He stated that the change was inevitable and that officers should begin preparing troops for that eventuality.
Now it seems that General John Shalikashvili has found the right time:
As a nation built on the principal of equality, we should recognize and welcome change that will build a stronger more cohesive military. It is time to repeal “don\’t ask, don\’t tell” and allow our military leaders to create policy that holds our service members to a single standard of conduct and discipline.
In this original BTB Investigation, we unveil the tragic story of Kirk Murphy, a four-year-old boy who was treated for “cross-gender disturbance” in 1970 by a young grad student by the name of George Rekers. This story is a stark reminder that there are severe and damaging consequences when therapists try to ensure that boys will be boys.
When we first reported on three American anti-gay activists traveling to Kampala for a three-day conference, we had no idea that it would be the first report of a long string of events leading to a proposal to institute the death penalty for LGBT people. But that is exactly what happened. In this report, we review our collection of more than 500 posts to tell the story of one nation’s embrace of hatred toward gay people. This report will be updated continuously as events continue to unfold. Check here for the latest updates.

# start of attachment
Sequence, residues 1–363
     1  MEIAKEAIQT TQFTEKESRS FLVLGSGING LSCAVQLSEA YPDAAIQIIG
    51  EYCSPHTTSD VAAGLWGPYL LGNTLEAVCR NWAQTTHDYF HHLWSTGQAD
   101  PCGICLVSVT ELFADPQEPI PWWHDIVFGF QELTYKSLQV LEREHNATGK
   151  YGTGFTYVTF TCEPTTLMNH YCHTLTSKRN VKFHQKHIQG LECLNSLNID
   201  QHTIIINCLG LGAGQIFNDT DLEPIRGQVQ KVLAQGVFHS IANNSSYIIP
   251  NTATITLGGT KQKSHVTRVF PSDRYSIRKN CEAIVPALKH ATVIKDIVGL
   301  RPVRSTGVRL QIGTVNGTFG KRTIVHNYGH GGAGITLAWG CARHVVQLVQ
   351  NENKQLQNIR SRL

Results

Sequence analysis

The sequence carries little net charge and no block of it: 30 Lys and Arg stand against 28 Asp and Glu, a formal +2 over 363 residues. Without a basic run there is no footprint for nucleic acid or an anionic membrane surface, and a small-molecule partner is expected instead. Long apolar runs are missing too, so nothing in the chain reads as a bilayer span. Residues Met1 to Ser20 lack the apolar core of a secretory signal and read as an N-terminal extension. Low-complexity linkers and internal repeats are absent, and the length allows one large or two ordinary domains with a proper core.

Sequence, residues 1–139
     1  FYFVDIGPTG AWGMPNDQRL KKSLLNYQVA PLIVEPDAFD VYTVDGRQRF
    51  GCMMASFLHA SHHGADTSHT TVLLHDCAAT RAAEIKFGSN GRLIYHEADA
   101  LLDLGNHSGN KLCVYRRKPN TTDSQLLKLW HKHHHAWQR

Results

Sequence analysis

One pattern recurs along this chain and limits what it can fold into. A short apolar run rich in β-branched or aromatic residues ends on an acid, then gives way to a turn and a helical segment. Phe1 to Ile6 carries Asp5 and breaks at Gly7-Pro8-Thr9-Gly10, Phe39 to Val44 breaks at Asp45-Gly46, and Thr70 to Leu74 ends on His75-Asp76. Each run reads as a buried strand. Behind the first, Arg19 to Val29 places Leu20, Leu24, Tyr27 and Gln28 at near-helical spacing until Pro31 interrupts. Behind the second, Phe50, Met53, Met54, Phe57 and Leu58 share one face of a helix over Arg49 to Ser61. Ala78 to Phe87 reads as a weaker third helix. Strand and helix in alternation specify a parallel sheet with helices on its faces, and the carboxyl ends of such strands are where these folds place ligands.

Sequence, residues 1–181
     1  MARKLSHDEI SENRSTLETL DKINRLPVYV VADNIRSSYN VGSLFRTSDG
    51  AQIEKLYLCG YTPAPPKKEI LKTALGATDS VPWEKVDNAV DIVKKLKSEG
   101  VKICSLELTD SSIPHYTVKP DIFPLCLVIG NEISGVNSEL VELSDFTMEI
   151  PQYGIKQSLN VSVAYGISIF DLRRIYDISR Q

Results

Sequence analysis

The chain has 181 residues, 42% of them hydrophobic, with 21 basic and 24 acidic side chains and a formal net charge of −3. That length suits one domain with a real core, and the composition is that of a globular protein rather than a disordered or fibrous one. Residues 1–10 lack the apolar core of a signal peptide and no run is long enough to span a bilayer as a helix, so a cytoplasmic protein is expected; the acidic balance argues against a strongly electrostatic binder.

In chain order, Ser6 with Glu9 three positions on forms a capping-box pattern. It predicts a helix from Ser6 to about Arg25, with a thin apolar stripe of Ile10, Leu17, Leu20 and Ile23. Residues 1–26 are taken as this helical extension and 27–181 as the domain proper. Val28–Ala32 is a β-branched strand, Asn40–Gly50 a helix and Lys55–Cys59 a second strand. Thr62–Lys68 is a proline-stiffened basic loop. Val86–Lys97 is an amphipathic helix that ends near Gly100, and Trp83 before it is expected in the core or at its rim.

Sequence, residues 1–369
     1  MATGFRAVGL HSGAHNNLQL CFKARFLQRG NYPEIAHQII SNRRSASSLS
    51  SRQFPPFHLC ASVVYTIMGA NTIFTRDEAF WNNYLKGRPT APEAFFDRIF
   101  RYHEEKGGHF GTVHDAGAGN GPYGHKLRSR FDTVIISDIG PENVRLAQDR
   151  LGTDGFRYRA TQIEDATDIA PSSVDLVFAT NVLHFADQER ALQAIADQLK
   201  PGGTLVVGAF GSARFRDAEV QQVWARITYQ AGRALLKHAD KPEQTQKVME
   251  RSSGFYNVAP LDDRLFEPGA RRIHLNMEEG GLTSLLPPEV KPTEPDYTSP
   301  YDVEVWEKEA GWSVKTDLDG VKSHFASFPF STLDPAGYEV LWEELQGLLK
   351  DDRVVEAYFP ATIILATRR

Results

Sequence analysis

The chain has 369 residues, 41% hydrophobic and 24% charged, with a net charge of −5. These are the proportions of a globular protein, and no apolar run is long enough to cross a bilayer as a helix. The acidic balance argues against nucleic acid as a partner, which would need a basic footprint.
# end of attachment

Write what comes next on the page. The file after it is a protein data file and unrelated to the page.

In 2005, the Southern Poverty Law Center wrote that “[Paul] Cameron’s ‘science’ echoes Nazi Germany.” What the SPLC didn”t know was Cameron doesn’t just “echo” Nazi Germany. He quoted extensively from one of the Final Solution’s architects. This puts his fascination with quarantines, mandatory tattoos, and extermination being a “plausible idea” in a whole new and deeply disturbing light.
On February 10, I attended an all-day “Love Won Out” ex-gay conference in Phoenix, put on by Focus on the Family and Exodus International. In this series of reports, I talk about what I learned there: the people who go to these conferences, the things that they hear, and what this all means for them, their families and for the rest of us.